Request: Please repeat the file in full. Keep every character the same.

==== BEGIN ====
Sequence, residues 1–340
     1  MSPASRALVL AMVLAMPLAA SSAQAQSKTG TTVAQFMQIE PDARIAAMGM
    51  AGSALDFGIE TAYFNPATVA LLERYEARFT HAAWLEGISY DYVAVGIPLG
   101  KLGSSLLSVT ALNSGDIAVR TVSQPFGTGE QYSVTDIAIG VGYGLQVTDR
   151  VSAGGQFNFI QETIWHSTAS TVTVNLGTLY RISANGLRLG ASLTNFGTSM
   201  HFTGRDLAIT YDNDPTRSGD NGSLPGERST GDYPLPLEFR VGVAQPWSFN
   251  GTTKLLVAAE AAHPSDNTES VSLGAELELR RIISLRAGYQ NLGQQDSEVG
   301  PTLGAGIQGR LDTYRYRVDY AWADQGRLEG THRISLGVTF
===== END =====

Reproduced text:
Sequence, residues 1–340
     1  MSPASRALVL AMVLAMPLAA SSAQAQSKTG TTVAQFMQIE PDARIAAMGM
    51  AGSALDFGIE TAYFNPATVA LLERYEARFT HAAWLEGISY DYVAVGIPLG
   101  KLGSSLLSVT ALNSGDIAVR TVSQPFGTGE QYSVTDIAIG VGYGLQVTDR
   151  VSAGGQFNFI QETIWHSTAS TVTVNLGTLY RISANGLRLG ASLTNFGTSM
   201  HFTGRDLAIT YDNDPTRSGD NGSLPGERST GDYPLPLEFR VGVAQPWSFN
   251  GTTKLLVAAE AAHPSDNTES VSLGAELELR RIISLRAGYQ NLGQQDSEVG
   301  PTLGAGIQGR LDTYRYRVDY AWADQGRLEG THRISLGVTF